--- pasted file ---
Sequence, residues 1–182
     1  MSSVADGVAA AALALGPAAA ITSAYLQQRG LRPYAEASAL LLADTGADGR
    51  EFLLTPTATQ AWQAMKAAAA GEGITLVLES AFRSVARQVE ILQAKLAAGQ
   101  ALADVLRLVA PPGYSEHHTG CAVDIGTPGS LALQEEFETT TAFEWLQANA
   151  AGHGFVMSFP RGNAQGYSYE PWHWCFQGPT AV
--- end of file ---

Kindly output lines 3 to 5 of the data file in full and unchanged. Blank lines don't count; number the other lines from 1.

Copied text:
    51  EFLLTPTATQ AWQAMKAAAA GEGITLVLES AFRSVARQVE ILQAKLAAGQ
   101  ALADVLRLVA PPGYSEHHTG CAVDIGTPGS LALQEEFETT TAFEWLQANA
   151  AGHGFVMSFP RGNAQGYSYE PWHWCFQGPT AV